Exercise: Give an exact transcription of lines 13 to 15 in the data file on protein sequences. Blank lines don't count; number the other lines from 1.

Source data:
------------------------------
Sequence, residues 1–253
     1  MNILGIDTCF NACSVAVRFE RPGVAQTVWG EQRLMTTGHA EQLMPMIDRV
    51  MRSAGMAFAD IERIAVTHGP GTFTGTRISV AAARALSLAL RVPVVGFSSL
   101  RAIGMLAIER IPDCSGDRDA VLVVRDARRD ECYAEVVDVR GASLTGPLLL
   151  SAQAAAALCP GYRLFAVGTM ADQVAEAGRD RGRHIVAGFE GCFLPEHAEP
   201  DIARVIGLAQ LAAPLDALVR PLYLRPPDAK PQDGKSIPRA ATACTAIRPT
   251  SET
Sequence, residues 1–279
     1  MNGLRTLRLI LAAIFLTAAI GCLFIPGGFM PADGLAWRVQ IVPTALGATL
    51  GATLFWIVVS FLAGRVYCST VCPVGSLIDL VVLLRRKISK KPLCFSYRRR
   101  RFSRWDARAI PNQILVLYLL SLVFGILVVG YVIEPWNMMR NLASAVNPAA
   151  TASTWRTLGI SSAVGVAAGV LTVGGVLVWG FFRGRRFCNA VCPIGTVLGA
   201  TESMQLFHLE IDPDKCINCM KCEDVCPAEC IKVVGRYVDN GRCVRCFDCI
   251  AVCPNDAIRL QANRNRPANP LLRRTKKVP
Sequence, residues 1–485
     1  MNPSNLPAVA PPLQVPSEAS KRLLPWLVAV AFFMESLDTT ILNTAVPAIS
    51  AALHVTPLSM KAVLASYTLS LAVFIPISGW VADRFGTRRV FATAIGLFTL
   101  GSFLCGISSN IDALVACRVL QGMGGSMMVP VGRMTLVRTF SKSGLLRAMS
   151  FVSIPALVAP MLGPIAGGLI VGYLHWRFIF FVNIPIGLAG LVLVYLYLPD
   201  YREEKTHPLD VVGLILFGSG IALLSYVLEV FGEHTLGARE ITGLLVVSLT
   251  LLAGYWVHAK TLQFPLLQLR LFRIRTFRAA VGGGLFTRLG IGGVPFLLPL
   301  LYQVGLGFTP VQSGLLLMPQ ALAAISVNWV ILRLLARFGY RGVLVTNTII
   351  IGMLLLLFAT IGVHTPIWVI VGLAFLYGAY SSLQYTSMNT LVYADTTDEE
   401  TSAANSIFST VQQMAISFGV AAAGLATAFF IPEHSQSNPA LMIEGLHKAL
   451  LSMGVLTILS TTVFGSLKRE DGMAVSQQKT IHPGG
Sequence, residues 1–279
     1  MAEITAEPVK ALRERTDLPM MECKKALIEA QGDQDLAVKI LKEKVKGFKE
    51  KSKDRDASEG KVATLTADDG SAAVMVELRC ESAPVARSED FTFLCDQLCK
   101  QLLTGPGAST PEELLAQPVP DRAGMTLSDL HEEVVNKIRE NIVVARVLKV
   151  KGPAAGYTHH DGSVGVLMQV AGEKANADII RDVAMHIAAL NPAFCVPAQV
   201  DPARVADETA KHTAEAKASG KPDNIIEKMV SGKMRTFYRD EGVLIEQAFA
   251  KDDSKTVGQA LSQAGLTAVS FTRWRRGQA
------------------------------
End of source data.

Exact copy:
   201  TESMQLFHLE IDPDKCINCM KCEDVCPAEC IKVVGRYVDN GRCVRCFDCI
   251  AVCPNDAIRL QANRNRPANP LLRRTKKVP
Sequence, residues 1–485